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Getting the Most Out of the Rules
Legends and Lore
Monte Cook

L ast week, I talked about the effect that rules presentation can have on a game, specifically as it pertains to the sheer amount of rules material. This week, I'd like to continue that discussion and talk about the language used in rule writing, as it pertains to the D&D game.

It's fascinating to look at the evolution of the language and detail in rule writing starting in 1974 Dungeons & Dragons all the way through to today. Overall, there has been a general trend toward more precise and formal language, and away from a conversational tone. Precision is good and useful. Conversational language is more readable and usually more enjoyable.

Therein lies the issue.

Few people read instruction manuals for fun. They're typically dry and boring. But instruction manuals are written the way they are for a reason. They need to get important information to the reader clearly and precisely. Sometimes, changing one word, or even the order of words, can hinder the usability of the instructions. If I'm reading a manual on how to disarm a bomb, I want it to be as precise as possible. Dry and boring is just fine.

But D&D books aren't bomb-defusing manuals. They're game books about dragons, adventures, and tales of heroism. When people read a D&D rulebook, should it really be as dry and boring as a technical manual? Should it be full of precise jargon, keywords, and templated text? Or should it contain story text that inspires the imagination, giving DMs and players alike new ideas for adventures and characters?

You might argue that game rules and story have to live in the same book, and when it comes to rules, they need to be precise, or else how can you use them correctly? Some of the concepts in the game are complex, and without carefully worded descriptions free of conversational tone and flavor text, how can we expect gamers to use them?

I'm going to argue that a good game writer can do both. I think that game rulebooks and adventures can be presented in such a way that convey the needed information and yet still are exciting and interesting to read. However, I'm going to also argue that this balance is something that throughout the history of the game D&D has only done with moderate success, and usually veers too much in one direction or the other.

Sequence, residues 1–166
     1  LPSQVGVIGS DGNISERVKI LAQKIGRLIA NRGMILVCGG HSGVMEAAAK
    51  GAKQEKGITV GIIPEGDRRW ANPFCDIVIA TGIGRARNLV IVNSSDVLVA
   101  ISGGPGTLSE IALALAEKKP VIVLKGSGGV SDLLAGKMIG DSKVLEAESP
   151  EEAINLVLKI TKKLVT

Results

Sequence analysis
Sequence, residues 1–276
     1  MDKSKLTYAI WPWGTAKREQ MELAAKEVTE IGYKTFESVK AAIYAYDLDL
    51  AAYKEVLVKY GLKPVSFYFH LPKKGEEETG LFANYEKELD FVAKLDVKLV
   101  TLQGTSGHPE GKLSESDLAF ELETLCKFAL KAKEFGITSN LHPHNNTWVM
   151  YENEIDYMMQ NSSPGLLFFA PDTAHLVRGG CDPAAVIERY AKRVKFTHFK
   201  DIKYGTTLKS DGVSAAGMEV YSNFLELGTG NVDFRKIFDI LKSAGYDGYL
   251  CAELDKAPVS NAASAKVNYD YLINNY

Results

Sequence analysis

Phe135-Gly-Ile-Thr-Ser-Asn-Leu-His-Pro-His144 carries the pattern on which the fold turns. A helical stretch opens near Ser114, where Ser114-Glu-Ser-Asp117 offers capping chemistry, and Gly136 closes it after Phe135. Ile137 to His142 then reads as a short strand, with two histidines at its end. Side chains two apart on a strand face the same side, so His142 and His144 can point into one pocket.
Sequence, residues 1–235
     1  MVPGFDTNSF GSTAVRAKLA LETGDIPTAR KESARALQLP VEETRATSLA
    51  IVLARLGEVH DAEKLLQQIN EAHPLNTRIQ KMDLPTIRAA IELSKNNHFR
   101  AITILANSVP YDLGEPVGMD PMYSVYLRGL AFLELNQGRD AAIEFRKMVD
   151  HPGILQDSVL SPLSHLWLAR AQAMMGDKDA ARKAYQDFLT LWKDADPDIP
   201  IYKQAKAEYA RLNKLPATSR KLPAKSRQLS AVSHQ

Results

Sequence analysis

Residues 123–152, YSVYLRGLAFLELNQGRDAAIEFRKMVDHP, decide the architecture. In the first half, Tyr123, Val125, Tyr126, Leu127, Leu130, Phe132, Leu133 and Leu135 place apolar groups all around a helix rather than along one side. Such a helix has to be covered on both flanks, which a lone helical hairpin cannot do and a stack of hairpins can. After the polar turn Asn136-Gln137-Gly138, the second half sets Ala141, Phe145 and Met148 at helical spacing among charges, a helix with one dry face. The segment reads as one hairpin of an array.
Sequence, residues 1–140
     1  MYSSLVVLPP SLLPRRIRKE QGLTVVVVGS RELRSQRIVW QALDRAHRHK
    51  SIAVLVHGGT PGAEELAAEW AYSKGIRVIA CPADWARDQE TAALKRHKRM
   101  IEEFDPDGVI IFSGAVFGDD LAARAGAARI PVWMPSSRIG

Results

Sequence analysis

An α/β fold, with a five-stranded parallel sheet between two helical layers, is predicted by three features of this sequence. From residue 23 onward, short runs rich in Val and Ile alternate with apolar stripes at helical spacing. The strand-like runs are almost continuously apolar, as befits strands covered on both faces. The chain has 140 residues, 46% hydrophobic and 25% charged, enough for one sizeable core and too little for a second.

When I got my start in the game, around 1978 or so, it was with the original D&D set. Those books belonged to my friends, however. The first books that I personally owned were all 1st edition. I used to buy and read the products that came out (mostly adventures, back then) just for fun. I played the game a lot as well, but part of the D&D hobby experience for me was just reading the products and letting my imagination soar. When I read an adventure, sometimes I would think about the great story potential contained within, or it would inspire me to create my own stories. Other times, I would imagine what would happen if I used the adventure in my campaign. How would my players react? How would I react if I was a player? How would I run such a fun yet complex series of encounters? I am certain that I am not alone in this.

I firmly believe that fun-to-read, imaginative rules and support material is vital to the whole D&D experience. I also believe that rules need to be written, developed, and edited very carefully so that the meaning is clear. It's a game, not a novel. If the designer's not communicating his rules clearly, he's not doing his job.

To have both, a game designer must make sacrifices. Jargon, for example, is helpful in rules clarity but makes a conversational tone very difficult. Imaginative flavor text can get in the way of readability, particularly in a rule that is going to be referenced over and over again.

The choice between "fun to read" and "precise" needs to be handled on a case-by-case basis. Certain rules can be simple and straightforward, while other matters can be handled more conversationally or filled with inspirational descriptions of people, places, or events.

D&D gamebooks are like no other form of writing. Something like the Player's Handbook needs to be equal parts teaching tool, reference work, and muse. Someone is going to sit down and read that book to learn how to play. They need things explained carefully and often in detail. That same person will refer to that book over and over again while playing. Then they need everything to be straightforward and succinct to keep the game moving. They also need that book to inspire them to create fantasy characters and adventures. In this case, they need imaginative hooks, references, and ideas that send them off on their own flights of fantasy. All three of those aspects usually come in the form of entirely different books. To ask a book to serve all three at once is a real challenge.

Fortunately, game designers like a challenge.



This Week's Poll

When it comes to rules presentation, on a scale of 1 to 5, with 1 being "not at all" and 5 being "very much," I value the following things in D&D books:

 Conversational Tone  
1
2
3
4
5

 Story and Flavor Text  
1
2
3
4
5

 Clear, Formal Tone  
1
2
3
4
5

 Precise Game Language (Jargon)  
1
2
3
4
5

Last Week's Poll

Regarding the options for rules presentation, given the examples last week, I prefer:
Option 1 402 12.1%
Option 2 1613 48.4%
Option 3 1028 30.9%
None. I don't even want any rule. I want it all up to the DM. 70 2.1%
None. I want something radically different from what is presented. 218 6.5%
Total 3331 100.0%

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